By Roman Marvaniuk
Building a successful company depends on many different factors. There’s your product, of course, as well as your ability to price it effectively, and position it so that it’s in front of your target customers when they’re ready to buy.
But while product-market fit might get you sales, lasting business success comes down to more intangible factors, such as the way customers feel about your brand or how much they trust you to deliver what you’ve promised.
According to Rare Consulting, “While general purchases are driven by price (81%), quality (80%), and convenience (55%), loyalty is about likeability (86%) and trust (83%).” Reader’s Digest’s 2015 Trusted Brands Survey confirms this, finding that 79% of participants “would choose a brand that’s been identified as ‘trusted’ over another brand when product quality and price are similar.”
Simply put, your price, quality, or convenience might score you sales, but your brand’s likeability and trust win you relationships. The following are different techniques you can use to develop that all-important trust with your customers online.
Define your brand promise
You can’t create a trustworthy brand if your business model is built on deceiving consumers or tricking customers into buying from you—(at least, you can’t in the long run).
Take the example of Craigslist, which data from Alignable suggests is one of the least trusted brands in the hiring space. You can say plenty of good things about the way Craigslist democratized hiring and peer-to-peer selling, but given the number of scams that continue to be perpetrated across the network—despite internal crackdowns—you’d likely call it anything but trustworthy.
Building customer trust begins with the process of defining who your company is and what it stands for. Researchers at Gallup call this your company’s “brand promise,” and define it as representing “everything a company stands for, it is the unique statement of what the company offers, what separates it from its rivals and what makes it worthy of customers’ consideration.”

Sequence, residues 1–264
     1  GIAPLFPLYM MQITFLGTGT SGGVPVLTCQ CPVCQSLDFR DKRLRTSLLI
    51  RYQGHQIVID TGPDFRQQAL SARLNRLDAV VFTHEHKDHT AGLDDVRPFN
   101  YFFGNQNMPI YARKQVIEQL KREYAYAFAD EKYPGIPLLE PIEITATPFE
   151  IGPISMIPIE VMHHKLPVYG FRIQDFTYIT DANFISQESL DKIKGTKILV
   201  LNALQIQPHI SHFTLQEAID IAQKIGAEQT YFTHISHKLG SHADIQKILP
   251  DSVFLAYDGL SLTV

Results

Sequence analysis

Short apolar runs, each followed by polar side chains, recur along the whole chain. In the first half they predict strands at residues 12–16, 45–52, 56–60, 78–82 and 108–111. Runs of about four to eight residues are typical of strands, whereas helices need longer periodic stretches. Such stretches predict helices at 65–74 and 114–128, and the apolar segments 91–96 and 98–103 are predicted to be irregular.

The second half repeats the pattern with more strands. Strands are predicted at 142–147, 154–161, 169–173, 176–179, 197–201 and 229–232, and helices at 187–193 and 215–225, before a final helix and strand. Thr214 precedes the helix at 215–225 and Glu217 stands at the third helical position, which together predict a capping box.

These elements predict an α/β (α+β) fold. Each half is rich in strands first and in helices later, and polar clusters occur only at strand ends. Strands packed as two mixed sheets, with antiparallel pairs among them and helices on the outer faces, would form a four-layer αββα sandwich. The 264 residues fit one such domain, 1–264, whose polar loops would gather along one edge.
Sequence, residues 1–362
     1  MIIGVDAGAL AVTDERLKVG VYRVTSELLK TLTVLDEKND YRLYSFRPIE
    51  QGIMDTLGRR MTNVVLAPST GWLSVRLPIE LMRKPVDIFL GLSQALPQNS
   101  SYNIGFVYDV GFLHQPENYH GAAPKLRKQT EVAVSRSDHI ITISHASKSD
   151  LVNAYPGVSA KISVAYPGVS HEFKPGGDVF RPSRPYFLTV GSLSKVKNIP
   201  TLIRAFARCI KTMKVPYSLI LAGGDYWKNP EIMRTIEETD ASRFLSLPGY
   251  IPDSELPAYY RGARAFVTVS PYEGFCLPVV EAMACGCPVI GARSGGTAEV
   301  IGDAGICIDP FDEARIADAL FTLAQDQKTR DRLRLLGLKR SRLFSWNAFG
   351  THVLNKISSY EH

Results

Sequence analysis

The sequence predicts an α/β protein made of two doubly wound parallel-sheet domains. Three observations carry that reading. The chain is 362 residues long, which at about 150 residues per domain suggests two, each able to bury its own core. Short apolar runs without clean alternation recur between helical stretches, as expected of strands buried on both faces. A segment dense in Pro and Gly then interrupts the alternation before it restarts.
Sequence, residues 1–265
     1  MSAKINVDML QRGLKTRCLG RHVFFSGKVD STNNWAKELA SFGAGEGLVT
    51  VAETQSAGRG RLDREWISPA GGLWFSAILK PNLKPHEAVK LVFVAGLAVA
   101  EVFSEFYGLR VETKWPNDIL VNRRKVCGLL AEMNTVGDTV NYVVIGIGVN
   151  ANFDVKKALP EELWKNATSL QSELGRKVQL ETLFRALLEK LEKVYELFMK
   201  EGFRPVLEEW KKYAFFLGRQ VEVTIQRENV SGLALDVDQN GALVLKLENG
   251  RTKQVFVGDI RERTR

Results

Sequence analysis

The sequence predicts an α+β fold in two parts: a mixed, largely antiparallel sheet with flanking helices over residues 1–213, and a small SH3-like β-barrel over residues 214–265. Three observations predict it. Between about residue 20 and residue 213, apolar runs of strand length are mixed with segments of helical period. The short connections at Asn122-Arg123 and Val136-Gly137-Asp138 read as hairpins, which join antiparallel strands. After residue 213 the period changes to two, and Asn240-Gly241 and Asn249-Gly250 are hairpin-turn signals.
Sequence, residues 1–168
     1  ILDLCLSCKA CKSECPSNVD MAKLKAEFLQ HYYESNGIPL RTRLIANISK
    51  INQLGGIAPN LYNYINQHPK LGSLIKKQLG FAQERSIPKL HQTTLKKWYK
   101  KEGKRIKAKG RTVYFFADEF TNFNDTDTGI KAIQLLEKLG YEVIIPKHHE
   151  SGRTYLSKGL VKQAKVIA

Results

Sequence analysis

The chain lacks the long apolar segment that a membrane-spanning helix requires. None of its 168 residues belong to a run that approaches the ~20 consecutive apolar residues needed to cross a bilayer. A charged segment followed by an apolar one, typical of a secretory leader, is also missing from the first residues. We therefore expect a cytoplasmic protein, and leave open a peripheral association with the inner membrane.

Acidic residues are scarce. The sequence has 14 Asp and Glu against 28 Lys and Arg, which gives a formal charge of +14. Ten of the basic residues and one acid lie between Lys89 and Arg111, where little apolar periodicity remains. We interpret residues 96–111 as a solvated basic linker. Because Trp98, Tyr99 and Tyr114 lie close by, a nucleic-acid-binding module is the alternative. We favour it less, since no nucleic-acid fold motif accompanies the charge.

Unfortunately, Gallup reports that “only half of customers believe that the companies they do business with always deliver on what they promise. When asked, only 27% of employees strongly agree that they always deliver on the promises they make to their customers.”
So what does an effective brand promise look like? The good news is it doesn’t have to be lengthy or complicated. Stella Service highlights several examples from well-known companies:
- Geico: “15 minutes or less can save you 15% or more on car insurance.”
- Nike: “To bring inspiration and innovation to every athlete in the world.”
- Starbucks: “To inspire and nurture the human spirit—one person, one cup and one neighborhood at a time.”
- Marriott: “Quiet luxury. Crafted experiences. Intuitive service.”
- Walmart: “Save money. Live better.”
Some of these brand promises focus on financial savings; others focus on experience. In all cases, however, the advantages the company offers and the promise it makes to consumers are clearly and concisely stated.
Spend some time iterating your brand promise. The specific wording of your statement may evolve over time, but the benefit you’re offering to your customers—not just in terms of your specific products or services, but in the broader problems you’ll solve—should be made clear from the start.